Date of Award


Document Type


Degree Name

Master of Arts (MA)


College of Humanities and Social Sciences



Thesis Sponsor/Dissertation Chair/Project Chair

Valerie Sessa

Committee Member

Jennifer Bragger

Committee Member

Michael Bixter


Although research on shared leadership is growing (Zhu, Liao, Yao, & Johnson, 2018), to date, little to no research has focused on how differing expectations of the role of the leader and the role of the followers impact the leader, the followers, and the team as a whole. Shared leadership is typically presented as a benefit to both leaders and followers; however, there can be a dark side too. The purpose of this study is to examine the dark side of shared leadership through leaders’ perceptions of their group and feelings of territoriality when faced with misaligned leadership expectations. Participants were placed in a group where leadership was either be expected to be individual or shared. Based on theory, it was predicted that in the control condition, the followers and the leader would expect the same form of leadership, and in the experimental condition, leaders would expect individual leadership, and followers would expect shared leadership. The leaders’ scores on measures of psychological territorial infringement (PTI) were recorded and used to determine the degree of territoriality that occurred over the leadership position. Measures of appreciation, group effectiveness, and satisfaction with the group were used to determine PTI’s effects on the leaders’ perception of their group. This study found that leaders do experience greater territoriality over their position when followers attempt shared leadership and the leader expects individual leadership. Additionally, this study found that higher territoriality negatively impacted the leader’s satisfaction with their group. The findings of this study have significant implications for both the shared leadership and PTI literatures in that it has further explored the dark side of shared leadership and has applied and found evidence of psychological territoriality over a perceived position.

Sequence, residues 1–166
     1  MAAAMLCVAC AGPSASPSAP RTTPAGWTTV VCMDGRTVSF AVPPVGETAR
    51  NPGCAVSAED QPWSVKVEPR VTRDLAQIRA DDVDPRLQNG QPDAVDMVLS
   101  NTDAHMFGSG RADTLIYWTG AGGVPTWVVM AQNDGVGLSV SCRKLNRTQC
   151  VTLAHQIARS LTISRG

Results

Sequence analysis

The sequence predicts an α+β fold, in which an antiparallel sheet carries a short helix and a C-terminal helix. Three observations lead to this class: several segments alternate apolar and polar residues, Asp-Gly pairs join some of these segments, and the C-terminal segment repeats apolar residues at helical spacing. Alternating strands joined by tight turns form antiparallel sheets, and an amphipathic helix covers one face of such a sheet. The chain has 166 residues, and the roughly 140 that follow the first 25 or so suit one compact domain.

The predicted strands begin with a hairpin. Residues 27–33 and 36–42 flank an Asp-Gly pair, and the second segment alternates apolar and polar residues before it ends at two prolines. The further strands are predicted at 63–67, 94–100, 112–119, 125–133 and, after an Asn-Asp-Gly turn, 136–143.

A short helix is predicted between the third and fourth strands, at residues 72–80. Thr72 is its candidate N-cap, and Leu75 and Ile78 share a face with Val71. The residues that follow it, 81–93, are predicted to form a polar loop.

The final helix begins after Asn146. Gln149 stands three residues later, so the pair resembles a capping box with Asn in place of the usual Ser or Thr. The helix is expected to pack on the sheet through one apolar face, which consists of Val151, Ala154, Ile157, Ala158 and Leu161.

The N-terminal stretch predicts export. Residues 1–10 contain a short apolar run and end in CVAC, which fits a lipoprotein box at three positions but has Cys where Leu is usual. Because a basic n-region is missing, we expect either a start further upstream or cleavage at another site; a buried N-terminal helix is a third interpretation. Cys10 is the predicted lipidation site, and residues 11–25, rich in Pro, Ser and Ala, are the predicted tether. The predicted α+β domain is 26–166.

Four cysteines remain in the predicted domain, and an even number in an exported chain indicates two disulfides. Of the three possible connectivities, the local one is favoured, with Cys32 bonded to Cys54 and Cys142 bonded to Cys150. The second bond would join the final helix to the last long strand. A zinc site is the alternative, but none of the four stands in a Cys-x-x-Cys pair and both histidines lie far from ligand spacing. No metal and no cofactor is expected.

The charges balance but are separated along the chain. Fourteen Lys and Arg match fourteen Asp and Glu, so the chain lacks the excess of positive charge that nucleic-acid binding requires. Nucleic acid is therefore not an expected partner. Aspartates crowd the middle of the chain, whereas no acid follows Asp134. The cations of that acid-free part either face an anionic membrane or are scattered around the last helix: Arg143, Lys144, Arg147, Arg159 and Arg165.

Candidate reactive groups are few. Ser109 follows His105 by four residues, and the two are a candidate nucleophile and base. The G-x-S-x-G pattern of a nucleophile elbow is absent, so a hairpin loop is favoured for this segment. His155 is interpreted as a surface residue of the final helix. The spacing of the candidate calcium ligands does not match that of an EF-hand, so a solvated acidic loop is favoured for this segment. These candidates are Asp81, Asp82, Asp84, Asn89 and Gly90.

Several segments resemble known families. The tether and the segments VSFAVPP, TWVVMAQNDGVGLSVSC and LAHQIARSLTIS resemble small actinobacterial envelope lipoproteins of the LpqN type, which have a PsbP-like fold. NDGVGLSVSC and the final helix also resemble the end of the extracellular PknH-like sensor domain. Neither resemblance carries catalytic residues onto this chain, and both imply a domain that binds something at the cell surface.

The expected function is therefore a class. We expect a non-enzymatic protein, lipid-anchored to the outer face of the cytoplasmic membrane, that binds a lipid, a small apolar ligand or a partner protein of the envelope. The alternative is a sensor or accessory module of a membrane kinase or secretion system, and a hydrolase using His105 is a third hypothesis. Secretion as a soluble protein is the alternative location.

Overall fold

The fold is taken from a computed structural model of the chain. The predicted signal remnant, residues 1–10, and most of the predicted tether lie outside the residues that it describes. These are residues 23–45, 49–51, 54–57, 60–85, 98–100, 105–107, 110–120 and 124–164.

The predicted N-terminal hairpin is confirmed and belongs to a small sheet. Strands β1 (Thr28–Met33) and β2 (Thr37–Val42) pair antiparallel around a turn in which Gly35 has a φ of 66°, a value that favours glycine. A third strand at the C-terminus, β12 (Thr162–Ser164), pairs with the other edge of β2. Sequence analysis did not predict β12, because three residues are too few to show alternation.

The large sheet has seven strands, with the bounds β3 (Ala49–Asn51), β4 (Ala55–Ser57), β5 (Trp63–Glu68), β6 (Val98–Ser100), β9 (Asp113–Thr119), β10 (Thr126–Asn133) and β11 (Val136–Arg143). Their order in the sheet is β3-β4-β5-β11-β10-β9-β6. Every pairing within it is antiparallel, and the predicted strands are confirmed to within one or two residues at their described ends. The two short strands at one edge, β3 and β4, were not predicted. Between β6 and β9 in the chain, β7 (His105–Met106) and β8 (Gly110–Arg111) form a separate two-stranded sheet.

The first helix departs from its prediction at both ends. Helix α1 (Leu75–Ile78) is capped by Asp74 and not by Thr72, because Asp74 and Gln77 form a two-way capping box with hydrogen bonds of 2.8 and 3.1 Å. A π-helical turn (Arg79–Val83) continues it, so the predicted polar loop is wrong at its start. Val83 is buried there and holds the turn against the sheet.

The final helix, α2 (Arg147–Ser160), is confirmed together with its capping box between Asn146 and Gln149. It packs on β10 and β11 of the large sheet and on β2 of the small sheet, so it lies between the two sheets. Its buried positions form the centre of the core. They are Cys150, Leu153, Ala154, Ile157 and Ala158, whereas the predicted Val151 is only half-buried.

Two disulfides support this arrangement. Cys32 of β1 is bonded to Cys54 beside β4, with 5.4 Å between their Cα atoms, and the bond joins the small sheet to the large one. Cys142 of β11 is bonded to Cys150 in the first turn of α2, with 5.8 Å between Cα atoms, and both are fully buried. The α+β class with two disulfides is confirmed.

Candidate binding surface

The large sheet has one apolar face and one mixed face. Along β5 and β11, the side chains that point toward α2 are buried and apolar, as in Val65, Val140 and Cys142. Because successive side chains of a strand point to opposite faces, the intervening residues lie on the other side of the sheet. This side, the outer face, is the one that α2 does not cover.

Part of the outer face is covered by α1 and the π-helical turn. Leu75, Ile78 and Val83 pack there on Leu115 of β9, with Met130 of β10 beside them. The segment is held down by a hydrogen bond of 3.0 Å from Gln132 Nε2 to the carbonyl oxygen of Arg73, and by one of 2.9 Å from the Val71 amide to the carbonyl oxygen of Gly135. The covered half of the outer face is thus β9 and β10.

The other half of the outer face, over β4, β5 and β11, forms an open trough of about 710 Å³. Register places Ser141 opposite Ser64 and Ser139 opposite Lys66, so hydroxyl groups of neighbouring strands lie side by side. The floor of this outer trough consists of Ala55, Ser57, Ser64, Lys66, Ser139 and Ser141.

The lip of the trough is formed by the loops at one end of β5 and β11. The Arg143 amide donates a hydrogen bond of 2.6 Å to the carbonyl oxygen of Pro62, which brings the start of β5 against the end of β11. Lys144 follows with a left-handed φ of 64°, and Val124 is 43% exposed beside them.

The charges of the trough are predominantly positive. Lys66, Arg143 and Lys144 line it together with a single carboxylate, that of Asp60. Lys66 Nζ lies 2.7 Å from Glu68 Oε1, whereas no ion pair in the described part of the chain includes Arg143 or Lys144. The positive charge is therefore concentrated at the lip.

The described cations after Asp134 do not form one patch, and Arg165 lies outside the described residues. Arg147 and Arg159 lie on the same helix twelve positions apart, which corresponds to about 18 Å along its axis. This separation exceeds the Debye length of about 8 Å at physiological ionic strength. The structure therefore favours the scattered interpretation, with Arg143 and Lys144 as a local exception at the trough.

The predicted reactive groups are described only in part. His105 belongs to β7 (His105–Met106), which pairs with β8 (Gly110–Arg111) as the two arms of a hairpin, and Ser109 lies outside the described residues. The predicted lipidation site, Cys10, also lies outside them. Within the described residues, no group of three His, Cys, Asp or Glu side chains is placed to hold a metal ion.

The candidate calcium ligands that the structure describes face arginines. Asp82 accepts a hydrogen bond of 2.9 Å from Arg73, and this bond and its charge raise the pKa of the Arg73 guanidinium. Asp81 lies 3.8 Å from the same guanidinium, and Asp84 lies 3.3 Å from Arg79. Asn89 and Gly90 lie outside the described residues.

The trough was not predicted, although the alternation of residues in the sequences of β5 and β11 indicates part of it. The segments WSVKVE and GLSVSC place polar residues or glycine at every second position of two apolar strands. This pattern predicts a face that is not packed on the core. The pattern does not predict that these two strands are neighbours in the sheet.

File Format


Included in

Psychology Commons